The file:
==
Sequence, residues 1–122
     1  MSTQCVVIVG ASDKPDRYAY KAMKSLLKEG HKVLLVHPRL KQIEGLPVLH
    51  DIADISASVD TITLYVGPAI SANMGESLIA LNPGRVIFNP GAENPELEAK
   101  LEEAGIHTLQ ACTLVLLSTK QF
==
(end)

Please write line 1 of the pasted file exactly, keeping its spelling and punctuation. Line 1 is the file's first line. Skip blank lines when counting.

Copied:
Sequence, residues 1–122